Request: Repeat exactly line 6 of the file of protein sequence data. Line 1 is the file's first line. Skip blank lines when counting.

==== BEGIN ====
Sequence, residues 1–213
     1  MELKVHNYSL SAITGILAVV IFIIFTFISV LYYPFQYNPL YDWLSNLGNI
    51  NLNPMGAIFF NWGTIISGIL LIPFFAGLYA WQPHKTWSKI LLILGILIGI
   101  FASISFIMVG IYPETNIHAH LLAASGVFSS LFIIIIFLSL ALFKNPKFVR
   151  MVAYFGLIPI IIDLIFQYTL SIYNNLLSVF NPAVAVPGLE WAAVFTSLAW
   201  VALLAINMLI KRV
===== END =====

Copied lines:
   201  VALLAINMLI KRV